Nigeria’s former President, Chief Olusegun Obasanjo is believed to be strategizing to free the 275 female students of the Government Girls Secondary School, Chibok in Borno state by Boko Haram on April 14 even as he is worried that President Goodluck Jonathan’s decision to bring in Western military help, including the United States has compromised Nigeria’s prestige in Africa as a major continental power.
Obasanjo is said to have met with the relatives of some senior Boko Haram fighters as well as intermediaries and the former president. The meeting was held in his farm in Ota, Ogun state.
sources at the meeting who would not want their names in prints hinted that the meeting was focused on how to free the girls through negotiation.
According to the sources, Obasanjo is in support of a prisoner-for-hostage swap that would see some of the girls released in exchange for a group of Boko Haram fighters held in Nigerian custody.
As a private citizen whose ties to the presidency have been damaged, Obasanjo does not have the authority to negotiate any deal on the government’s behalf.
The government, which has officially ruled out a prisoner swap, sent intermediaries to meet Boko Haram in the northeast to negotiate for the girls’ release.
The source identified one of the envoys as Ahmad Salkida, a journalist with ties to Boko Haram who had been close to Yusuf before his death.
“There was contact but it was bungled by the government,” according to the source, saying Jonathan backed away from the deal after returning from a security conference in Paris earlier this month.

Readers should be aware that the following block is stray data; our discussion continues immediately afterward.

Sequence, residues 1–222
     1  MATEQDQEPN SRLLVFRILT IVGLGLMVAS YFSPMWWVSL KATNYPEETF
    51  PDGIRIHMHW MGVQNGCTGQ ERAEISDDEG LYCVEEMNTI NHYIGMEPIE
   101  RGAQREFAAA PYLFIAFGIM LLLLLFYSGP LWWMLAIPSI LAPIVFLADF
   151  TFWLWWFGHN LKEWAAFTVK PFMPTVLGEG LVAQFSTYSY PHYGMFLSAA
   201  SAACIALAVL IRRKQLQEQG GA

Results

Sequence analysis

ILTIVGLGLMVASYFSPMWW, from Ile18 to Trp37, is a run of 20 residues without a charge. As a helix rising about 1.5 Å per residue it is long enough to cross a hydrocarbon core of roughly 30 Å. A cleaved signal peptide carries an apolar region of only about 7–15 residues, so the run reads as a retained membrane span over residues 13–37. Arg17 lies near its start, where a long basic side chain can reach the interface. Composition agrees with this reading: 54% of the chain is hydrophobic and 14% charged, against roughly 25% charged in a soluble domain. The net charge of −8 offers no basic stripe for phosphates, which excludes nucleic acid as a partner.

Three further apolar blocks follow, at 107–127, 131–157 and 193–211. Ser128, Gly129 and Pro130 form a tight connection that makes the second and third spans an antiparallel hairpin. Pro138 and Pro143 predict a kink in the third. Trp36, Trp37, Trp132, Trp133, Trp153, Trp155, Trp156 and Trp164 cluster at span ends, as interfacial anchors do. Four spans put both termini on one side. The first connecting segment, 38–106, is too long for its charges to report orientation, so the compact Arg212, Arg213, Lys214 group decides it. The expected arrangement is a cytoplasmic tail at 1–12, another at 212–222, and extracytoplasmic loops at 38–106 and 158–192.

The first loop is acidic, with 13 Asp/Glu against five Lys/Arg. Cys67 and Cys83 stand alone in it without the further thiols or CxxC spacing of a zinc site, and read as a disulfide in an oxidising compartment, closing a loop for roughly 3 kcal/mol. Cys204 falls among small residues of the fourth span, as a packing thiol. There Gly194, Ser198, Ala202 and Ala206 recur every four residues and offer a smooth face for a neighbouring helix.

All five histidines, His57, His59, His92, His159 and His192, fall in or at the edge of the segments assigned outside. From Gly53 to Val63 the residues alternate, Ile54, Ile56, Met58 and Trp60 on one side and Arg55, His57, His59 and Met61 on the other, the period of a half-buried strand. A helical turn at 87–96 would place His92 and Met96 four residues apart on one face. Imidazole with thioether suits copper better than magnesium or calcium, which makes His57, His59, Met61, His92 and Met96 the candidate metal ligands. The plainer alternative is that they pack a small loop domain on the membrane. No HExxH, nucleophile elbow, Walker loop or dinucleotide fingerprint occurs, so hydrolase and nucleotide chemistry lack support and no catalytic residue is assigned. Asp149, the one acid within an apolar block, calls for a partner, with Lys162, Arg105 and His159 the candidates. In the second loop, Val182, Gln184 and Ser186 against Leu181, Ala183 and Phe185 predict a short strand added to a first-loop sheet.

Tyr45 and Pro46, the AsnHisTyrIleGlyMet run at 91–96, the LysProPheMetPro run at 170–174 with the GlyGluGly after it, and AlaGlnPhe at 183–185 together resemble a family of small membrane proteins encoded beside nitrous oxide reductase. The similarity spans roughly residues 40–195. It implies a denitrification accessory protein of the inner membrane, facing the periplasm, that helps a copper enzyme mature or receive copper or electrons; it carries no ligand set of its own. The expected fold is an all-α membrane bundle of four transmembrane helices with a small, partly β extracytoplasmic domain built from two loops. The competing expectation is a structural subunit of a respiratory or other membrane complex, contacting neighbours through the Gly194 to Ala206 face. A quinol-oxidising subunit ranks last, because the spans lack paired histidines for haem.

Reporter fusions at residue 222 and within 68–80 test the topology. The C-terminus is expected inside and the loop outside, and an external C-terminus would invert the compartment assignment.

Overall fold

The former leader, who left office in 2007, has previously sought to negotiate with the insurgents, including in September 2011 after Boko Haram bombed the United Nations headquarters in Abuja.
Then, he flew to the Islamists’ base in Maiduguri, the Borno state capital and met with the relatives of former Boko Haram leader, Mohammed Yusuf, who was killed in police custody in 2009.
The 2011 talks did not help stem the violence and some at the time doubted if Obasanjo was dealing with people who were legitimately capable of negotiating a ceasefire.
The sources said that Obasanjo felt concern about Nigeria’s acceptance of foreign military personnel to help rescue the girls.
“He said he is worried that Nigeria’s prestige in Africa as a major continental power has been diminished” by President Goodluck Jonathan’s decision to bring in Western military help, including from the United States.
Envoys met Boko Haram
Mustapha Zanna, the lawyer who helped organize Obasanjo’s 2011 talks with Boko Haram, said he was at the former president’s home on Saturday.
But he declined to discuss whether the Chibok abductions were on the agenda.
“I was there,” he said, adding that Obasanjo was interested in helping orphans and vulnerable children in Nigeria’s embattled northeast and that possible charitable work was on the agenda.
Zanna had represented Yusuf’s family in a wrongful death lawsuit filed against the government following his death in police custody.
It was not clear if Obasanjo’s weekend meeting had been sanctioned by the government.
The conference saw Nigeria and its neighbors vow greater co-operation to tackle Boko Haram because of the potential threat to regional stability. [myad]